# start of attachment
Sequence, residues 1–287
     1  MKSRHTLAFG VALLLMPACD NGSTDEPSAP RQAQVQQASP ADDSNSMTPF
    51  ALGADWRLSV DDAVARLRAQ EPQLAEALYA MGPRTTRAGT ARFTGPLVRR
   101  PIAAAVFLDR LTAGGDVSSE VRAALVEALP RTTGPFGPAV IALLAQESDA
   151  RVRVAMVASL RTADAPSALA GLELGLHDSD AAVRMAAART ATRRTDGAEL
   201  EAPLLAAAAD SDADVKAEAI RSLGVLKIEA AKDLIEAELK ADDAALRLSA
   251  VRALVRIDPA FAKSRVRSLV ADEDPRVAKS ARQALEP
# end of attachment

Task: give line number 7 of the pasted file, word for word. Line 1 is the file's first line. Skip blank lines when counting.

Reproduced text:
   251  VRALVRIDPA FAKSRVRSLV ADEDPRVAKS ARQALEP